Have you heard of dark patterns? They’re intentional UX features of websites and apps designed to make it harder for you to do what you want, either through complexity or deception.
You can think of dark patterns as traps to get more of your personal information and to tempt you into buying products and services.
The motivation for trapping you online is of course profit, either directly through a purchase or indirectly through data sharing, which is at the root of surveillance capitalism and the burgeoning data economy. The more information a brand has about you, the better they can target you with tailored content in the hope you’ll buy. And you probably do because we all do, right?
Harry Brignall, the UX specialist who first coined the term ‘dark patterns’, says a common form is the ‘roach motel’—a maze-like design feature that makes it very easy to get into a situation and very difficult to get out.
Think about the ‘dead end’ you might encounter when you’re trying to cancel your account. This video from the non-profit Dark Patterns initiative describes how Amazon uses the dead end to great effect:
But dark patterns are many and various and can be more subtle than dead ends. In fact, the key to dark patterns is their subtly. All the big platforms use design subterfuge, as this author says, “to push their users towards making choices that negatively affect their own privacy”. For example, Facebook and Google disable some of the more protective privacy settings by default so the user has to opt in, if they realize that’s even an option to begin with. And then opting in takes numerous clicks, making it a more time consuming or even nuisance task.
But it’s not only Big Tech doing it; dark patterns are everywhere. Through the clever (sinister?) use of color, font and point size, any UX designer can bury information (e.g. the unsubscribe link) or lead you down a path you didn’t intend to take (e.g. straight to in-app purchases).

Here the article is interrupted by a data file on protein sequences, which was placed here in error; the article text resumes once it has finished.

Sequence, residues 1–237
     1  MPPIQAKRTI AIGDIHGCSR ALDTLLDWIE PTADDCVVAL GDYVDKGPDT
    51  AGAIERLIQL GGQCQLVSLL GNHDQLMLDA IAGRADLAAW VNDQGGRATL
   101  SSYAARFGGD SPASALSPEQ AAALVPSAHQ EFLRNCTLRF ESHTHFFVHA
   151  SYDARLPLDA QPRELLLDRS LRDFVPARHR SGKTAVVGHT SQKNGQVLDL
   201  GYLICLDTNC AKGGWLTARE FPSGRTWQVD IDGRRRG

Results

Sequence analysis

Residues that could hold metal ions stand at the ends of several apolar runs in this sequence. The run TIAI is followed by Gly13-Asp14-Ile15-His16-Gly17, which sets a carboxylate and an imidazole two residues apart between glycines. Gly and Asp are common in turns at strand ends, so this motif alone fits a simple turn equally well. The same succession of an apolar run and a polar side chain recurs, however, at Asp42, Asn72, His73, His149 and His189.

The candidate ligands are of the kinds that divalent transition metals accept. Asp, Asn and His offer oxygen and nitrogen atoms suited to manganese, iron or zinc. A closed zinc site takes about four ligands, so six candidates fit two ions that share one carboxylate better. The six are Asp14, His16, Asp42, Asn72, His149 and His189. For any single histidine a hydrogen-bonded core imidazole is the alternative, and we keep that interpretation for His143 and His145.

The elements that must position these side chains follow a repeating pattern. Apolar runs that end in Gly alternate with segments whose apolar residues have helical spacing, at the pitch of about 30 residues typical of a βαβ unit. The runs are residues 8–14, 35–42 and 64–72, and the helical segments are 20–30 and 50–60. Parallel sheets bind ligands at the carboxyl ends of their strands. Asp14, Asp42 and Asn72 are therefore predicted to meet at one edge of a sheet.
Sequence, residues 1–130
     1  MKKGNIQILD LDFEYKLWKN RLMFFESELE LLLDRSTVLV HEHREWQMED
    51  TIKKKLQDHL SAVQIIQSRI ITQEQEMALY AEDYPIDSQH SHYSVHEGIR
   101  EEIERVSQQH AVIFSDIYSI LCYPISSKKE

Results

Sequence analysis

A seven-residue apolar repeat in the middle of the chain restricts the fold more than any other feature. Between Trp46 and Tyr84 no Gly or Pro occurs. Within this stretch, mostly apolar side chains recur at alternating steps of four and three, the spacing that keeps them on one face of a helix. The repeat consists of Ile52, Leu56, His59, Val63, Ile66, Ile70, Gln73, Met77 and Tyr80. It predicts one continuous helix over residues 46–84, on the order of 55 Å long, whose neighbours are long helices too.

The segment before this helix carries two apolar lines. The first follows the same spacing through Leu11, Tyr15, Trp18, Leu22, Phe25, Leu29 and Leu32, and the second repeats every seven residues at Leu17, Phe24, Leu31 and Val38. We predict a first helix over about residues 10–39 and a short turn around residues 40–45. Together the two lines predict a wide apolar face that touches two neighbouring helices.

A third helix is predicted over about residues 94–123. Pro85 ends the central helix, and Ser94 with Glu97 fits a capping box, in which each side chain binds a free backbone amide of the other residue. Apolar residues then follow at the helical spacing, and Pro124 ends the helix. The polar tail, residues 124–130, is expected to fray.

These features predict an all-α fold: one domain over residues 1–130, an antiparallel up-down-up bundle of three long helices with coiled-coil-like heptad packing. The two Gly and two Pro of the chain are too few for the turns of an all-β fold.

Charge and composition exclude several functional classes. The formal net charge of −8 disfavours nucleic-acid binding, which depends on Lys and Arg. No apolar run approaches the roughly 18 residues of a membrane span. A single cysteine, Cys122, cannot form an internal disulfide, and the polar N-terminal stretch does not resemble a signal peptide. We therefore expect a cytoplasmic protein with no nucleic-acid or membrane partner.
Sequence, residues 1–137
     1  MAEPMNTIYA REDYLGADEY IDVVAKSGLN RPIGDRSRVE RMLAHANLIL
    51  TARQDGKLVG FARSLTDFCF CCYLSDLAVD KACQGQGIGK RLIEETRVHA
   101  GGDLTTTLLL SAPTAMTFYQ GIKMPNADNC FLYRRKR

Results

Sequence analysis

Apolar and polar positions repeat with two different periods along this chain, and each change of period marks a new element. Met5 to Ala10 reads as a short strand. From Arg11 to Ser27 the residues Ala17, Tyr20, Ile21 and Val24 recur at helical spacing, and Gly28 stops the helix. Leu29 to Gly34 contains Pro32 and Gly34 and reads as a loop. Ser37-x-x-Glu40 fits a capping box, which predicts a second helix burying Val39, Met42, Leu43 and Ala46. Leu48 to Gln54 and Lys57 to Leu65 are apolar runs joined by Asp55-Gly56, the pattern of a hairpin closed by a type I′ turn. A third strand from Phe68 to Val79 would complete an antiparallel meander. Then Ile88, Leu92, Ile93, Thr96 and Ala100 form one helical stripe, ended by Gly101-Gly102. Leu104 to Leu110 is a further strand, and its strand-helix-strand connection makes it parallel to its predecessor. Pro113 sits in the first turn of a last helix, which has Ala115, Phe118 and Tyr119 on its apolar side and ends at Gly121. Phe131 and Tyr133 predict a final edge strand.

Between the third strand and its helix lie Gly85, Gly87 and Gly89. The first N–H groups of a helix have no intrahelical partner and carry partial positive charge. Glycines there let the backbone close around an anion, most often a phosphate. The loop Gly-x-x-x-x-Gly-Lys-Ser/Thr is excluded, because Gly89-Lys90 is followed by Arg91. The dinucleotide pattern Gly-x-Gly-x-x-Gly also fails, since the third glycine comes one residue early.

Dark patterns are predicated on the human tendency to skim read digital content. By making information difficult to find, designers are betting you’ll give up if it takes too long. And let’s face it, in today’s digital landscape, “too long” might be a minute or even 5 seconds tops. By lulling you through a series of steps that takes you somewhere tempting such as the shopping cart, they’re betting that once you’re there, you’ll buy.
The darkpatterns.org video gives other examples of dark patterns. How about the web banner that appears to have a dirty mark on it? In trying to brush it off, you click the link to a product page and, voila, you’re down the rabbit hole. Or what about the sense of urgency and FOMO bookings sites create?
Brands use dark patterns because they can. Back in 2015 LinkedIn was fined $13 million for its unlawful use of dark patterns to trick users into giving access to their address books, but generally sanctions are rare. As they say in the darkpatterns.org video, “It’s hard to legislate around the psychological tricks of UX design”.
That said, in 2019 US senators in the state of Virginia introduced legislation to ban certain online platforms from using dark patterns to trick users and from making addicting games and content for children. In their statement at the time the senators said: “Misleading prompts to just click the ‘OK’ button can often transfer your contacts, messages, browsing activity, photos, or location information without you even realizing it.” Later in an interview on CNBC they added that the legislation could be included in an eventual US privacy bill.
Until such a regulatory intervention comes to pass, it’s up to you (and all of us) to stay alert to dark patterns on webs sites and apps and to look for companies that are committed to building consumer trust through good honest stewardship of customer data. We believe those companies will grow in number as privacy continues to be a defining issue of this decade and as consumers grow louder in their call for change.
As Harry Brignall is quoted as saying: “Our best defense against dark patterns is to be aware of them and to shame the companies who utilize them.”
But we know you can go even further by using MySudo, the world’s only all-in-one privacy solution for protecting your personal information. MySudo makes it easy to control where and with whom you share your data, and powerfully protects that data in the event of a data breach.
If you want to find out more about dark patterns, here’s a great reading list. And darkpatterns.org has a Hall of Shame you might want to check out too.